All of this does remind me of the current state of independent publishing, though. Which is not to say that I think we should go back to the artificial gatekeepers of traditional publishing; I certainly don't. I do think that we've adopted an attitude of accepting failure as normal, though. As a community of independently published authors, I think that is totally what we've done. Part of it is because we've, basically, decided that no one should fail because, if people were to fail, nearly everyone would fail. We've lowered the bar to meet the standards of failure. We've lowered it so far that in many cases it not even okay to say, "Hey, this doesn't measure up. You need to learn to spell and punctuate or you need to hire a (good) editor."
Here's the thing: While it's true that some of those kids that were passed up into geometry did just fine and went on successfully through their math classes, many of those kids also failed the geometry course and, because of that, failed out of the school completely (about half of the freshman class each year failed to maintain the requisite GPA to stay in the school). If those kids had been required to re-take the algebra class, not only may they have been successful in geometry when they got to it, but they may have also been able to keep a GPA that would have allowed them to continue on at the Magnet school.
In the same way, if we would have the strength or courage or whatever it is we are generally lacking in the self publishing world to say to some of these authors who are throwing their... efforts... out into the world via the Kindle (and I say Kindle, because that's where most of them go, but, you know, whatever platform), "Hey, this piece of work fails the grammar test; you need to go back to work on it," or "Your story structure in this piece is really rather flat; maybe, you should spend some time study the way a plot works," or, just in general, pointing out where work needs to be done, well, maybe, more of these people would start putting out stories that "pass the test."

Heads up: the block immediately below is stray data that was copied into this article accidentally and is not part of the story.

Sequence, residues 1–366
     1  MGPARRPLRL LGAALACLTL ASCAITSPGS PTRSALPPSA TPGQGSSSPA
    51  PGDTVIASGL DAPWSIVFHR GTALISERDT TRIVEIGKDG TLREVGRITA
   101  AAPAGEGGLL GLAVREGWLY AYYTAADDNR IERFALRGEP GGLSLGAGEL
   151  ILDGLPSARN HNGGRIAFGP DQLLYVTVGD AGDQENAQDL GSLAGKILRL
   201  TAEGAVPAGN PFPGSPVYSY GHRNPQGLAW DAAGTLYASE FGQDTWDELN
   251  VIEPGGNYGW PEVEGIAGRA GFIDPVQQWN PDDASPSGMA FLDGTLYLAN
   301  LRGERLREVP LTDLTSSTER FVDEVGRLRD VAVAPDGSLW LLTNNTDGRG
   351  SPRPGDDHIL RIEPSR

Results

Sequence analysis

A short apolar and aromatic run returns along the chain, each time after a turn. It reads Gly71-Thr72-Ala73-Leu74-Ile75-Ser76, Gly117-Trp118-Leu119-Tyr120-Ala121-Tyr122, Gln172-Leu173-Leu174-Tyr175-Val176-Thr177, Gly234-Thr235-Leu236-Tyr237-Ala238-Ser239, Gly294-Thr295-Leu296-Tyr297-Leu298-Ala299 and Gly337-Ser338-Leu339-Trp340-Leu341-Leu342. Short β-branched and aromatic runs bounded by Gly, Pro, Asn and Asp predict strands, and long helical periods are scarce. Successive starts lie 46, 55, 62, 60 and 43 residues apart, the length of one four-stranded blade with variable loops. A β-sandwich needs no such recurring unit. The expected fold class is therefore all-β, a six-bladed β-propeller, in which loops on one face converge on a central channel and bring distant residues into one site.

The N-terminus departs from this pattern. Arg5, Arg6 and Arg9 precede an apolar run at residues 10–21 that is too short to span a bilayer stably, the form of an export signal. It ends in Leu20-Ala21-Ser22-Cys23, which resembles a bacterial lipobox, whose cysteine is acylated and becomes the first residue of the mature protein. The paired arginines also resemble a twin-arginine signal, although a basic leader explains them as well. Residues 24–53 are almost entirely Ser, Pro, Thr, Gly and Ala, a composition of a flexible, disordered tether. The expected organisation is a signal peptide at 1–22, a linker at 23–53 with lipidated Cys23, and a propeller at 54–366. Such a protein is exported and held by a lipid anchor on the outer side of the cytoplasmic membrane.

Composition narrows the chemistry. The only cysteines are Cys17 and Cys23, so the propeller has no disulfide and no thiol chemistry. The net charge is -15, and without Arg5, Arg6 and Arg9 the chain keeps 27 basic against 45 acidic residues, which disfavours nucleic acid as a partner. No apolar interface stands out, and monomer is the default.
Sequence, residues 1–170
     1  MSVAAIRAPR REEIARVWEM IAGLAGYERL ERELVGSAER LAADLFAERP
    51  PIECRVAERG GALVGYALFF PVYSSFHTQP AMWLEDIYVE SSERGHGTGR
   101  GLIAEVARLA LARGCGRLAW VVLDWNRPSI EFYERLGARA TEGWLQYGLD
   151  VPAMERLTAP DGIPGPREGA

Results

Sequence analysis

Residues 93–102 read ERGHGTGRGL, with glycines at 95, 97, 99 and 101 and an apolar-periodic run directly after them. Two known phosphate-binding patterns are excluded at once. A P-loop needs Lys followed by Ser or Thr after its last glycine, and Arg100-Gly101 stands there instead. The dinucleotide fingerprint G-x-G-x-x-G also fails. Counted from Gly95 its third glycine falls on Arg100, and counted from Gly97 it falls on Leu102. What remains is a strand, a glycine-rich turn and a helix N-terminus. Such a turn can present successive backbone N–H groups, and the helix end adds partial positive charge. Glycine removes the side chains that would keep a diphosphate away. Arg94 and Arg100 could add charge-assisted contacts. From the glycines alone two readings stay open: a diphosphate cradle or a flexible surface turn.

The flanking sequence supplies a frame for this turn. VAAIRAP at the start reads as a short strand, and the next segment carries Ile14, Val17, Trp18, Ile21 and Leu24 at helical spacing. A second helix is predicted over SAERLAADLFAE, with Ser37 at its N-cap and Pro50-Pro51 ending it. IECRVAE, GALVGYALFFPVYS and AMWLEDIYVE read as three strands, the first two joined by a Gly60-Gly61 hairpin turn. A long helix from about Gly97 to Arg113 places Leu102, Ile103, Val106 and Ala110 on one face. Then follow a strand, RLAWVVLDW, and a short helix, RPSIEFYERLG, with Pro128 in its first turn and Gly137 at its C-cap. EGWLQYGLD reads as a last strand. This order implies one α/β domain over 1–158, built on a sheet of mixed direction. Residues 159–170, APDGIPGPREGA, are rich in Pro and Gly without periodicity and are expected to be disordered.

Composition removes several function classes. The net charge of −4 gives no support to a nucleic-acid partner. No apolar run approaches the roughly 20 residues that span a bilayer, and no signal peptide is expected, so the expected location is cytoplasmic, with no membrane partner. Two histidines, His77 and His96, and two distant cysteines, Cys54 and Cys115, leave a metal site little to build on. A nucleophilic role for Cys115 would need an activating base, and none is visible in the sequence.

Really, this world of independent publishing is not like the algebra class thing in that, if you failed the class, it only affected you. However, pumping the indie world with works that don't pass reflect badly on all indie authors. In that, we should stand up and say, "Hey, we want people to respect indie publishing, so take this back until it's ready."
And, sure, I hear a lot of you getting ready to tell me how subjective it all is, but, when it comes to grammar and punctuation, it's not subjective, and, as a writer, if you can't learn to actually do the math, so to speak, you need to go back and take that algebra class again. Or get someone that can do it to help you out. That's all there is to it, really, because it doesn't matter how good your story is if people can't find it due to the piss poor writing.
So... I know it seems somehow kinder when we just cheer everyone on and tell each other what an amazing job we're all doing, but that kind of thing just brings us all down in the end. It lowers the bar until failure is success, at least to us. All those other people looking in from the outside just see a pile of steaming crap. Raising that bar up above the fumes helps us all. It lets other people know that there is something valuable in indie publishing. There is good to be found there. And helps those beneath the bar to become stronger writers as they strive to "pass the test."